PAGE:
Swiss players Roger Federer and Stan Wawrinka both eased into the last 16 of the Men's Singles Draw at the French Open on Friday as hopes grew of seeing a first home winner of the men's singles title in 32 years.
Second-seeded Federer, whose sole title win in Paris came in 2009, reached the fourth round for the 11th straight year with a straightforward 6-4, 6-3, 6-2 win over Bosnian Damir Dzumhur.
That set up a blockbuster fourth-round match against Frenchman Gael Monfils, who came back from two sets to one and down 1-4 in the fourth set to defeat Pablo Cuevas of Uruguay 4-6, 7-6 (7/1), 3-6, 6-4, 6-3 in a late-finishing thriller.
By that time, already set in the same quarter of the draw at the round-of-16 stage was another Franco-Swiss encounter, between Wawrinka and Gilles Simon. Former Australian Open champion Wawrinka blasted past American Steve Johnson, while Simon saw off a tough challenge from fellow Frenchman Nicolas Mahut 6-2, 6-7 (6/8), 6-7 (6/8), 6-3, 6-1.
The French will be out for some semblance of revenge on Federer and Wawrinka who combined to inflict a painful defeat on France in the Davis Cup final in Lille last November. Talking of Monfils, Federer said: "He's played me tough throughout my career, I thought. Especially the last four, five years now. He's been tougher for me to play against. We have played against each other here (Roland Garros) on a few occasions as well. Semis, quarters, some of my big years here. So clearly I'd love to play against him."
Earlier in the day, Richard Gasquet became the seventh French player into the third round of the tournament, stirring hopes of a realistic home title challenge this year. That number equalled the second best showing for French players at the last 32 stage in Paris in the Open-era (since 1968), beaten only by the eight men who made it that far in 1971.
Gasquet, a former Wimbledon semi-finalist and world top-ten player, finally saw off the challenge of Argentine claycourter Carlos Berlocq 3-6, 6-3, 6-1, 4-6, 6-1 after the match had been suspended overnight at two sets all. His reward is a third-round tie against South African Kevin Anderson."Yeah, we are a lot in the third round. I saw maybe six or seven. It's a lot," Gasquet said of the French charge. "It's not the record. The record was eight. So, yeah, it's very good for French tennis. It's a good start for us. But I think we can go farther in the draw."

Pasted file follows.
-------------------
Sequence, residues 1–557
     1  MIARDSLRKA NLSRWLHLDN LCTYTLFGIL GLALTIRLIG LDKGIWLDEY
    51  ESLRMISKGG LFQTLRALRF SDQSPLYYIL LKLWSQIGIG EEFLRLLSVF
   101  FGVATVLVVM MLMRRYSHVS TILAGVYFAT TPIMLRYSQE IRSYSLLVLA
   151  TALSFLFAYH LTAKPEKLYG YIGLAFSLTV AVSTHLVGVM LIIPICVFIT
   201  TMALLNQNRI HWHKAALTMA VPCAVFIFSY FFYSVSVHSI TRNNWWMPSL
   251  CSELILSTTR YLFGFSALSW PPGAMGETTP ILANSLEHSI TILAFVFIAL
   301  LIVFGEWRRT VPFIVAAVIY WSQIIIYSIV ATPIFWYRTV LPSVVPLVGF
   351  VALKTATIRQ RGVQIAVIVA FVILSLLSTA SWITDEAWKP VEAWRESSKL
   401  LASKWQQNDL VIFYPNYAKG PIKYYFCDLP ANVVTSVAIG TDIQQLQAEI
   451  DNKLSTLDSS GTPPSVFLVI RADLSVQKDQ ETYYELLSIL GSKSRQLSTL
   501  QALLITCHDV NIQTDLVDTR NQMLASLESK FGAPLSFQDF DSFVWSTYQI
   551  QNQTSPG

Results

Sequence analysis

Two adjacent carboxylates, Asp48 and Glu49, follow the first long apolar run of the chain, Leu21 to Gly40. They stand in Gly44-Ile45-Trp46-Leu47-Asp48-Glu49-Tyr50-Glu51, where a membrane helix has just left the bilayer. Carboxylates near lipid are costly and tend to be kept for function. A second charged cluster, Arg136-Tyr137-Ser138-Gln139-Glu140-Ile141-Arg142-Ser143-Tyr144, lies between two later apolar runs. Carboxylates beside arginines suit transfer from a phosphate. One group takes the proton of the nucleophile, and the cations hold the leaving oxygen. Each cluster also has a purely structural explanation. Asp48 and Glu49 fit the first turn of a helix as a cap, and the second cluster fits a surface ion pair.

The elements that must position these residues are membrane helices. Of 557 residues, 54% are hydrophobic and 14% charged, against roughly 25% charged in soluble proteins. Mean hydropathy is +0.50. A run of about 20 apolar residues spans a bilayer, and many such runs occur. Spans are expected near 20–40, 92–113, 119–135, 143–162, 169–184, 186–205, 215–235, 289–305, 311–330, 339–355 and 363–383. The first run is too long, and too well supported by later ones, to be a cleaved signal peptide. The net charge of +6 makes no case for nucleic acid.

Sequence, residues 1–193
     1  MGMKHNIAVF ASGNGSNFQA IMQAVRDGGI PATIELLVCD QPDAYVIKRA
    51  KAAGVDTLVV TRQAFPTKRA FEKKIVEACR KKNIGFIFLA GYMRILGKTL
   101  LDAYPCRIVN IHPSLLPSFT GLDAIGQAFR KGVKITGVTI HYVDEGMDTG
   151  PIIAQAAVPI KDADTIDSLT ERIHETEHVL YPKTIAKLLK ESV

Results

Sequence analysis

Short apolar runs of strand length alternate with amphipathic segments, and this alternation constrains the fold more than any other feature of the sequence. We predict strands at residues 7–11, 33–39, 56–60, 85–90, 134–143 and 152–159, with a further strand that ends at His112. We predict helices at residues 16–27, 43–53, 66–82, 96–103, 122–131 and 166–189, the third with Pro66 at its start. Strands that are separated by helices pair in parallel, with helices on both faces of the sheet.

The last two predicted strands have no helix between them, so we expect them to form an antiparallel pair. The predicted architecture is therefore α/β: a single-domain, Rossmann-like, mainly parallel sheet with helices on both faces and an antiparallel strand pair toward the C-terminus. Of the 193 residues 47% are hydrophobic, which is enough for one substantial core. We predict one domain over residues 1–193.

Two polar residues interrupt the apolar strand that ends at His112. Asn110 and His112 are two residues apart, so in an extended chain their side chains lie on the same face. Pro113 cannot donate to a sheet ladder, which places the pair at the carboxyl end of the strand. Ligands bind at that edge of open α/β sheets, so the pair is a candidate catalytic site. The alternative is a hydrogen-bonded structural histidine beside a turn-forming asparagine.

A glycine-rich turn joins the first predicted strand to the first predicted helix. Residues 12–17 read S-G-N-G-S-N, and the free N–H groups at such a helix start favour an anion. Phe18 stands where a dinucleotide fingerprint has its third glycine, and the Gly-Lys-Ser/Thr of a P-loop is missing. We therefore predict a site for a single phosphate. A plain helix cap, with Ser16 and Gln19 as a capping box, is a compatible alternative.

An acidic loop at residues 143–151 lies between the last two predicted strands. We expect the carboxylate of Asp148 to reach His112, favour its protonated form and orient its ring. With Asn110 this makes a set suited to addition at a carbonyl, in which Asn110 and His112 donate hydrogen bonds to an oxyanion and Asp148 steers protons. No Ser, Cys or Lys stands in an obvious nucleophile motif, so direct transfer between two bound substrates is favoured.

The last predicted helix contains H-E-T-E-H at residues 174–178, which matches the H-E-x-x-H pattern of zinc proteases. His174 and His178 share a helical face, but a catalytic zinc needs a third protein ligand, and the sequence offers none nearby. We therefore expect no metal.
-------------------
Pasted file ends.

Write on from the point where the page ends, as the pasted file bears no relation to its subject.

France's Jo-Wilfried Tsonga celebrates after defeating Spain's Pablo Andujar during the men's singles third round at the 2015 French Open in Paris. (AFP Photo)
Also through to the third round in the top half of the draw is Jeremy Chardy, who takes on Belgium's David Goffin on Saturday, while five other French hopes were in action in the bottom half of the draw on Friday.
Jo-Wilfried Tsonga, a semi-finalist in 2013, comfortably went through with a 7-6 (7/3), 6-4, 6-3 win over Pablo Andujar of Spain on a cold and overcast Philippe Chatrier centre court.
"The conditions were difficult, but I was very pleased with my level of play," he said. "For the moment it could not be better for me. I have yet to lose a set."
But Benoit Paire failed to make it four French into the last 16 in the bottom half of the draw when he lost 6-1, 6-7 (5/7), 6-3, 6-4 to fourth seed Tomas Berdych of the Czech Republic. Berdych and Tsonga will play each other in the last 16.
The last home winner of the men's singles at the French Open, and of any Grand Slam tournament, was Yannick Noah in 1983 with Henri Leconte the last to reach the final in 1988 where he lost to Mats Wilander. Since then, Leconte in 1992, Cedric Pioline (1998), Sebastien Grosjean (2001), Monfils (2008) and Tsonga (2013) all fell at the semi-final stage.
Also into the last 16 in Paris -- for the second time in his career - was Georgian-born Russian Teymuraz Gabashvili who was too good for Czech player Lukas Rosol, winning 6-4, 6-4, 6-4. He will next play Japanese fifth seed Kei Nishikori, who moved through when third round opponent Benjamin Becker withdrew from the tournament with a shoulder injury.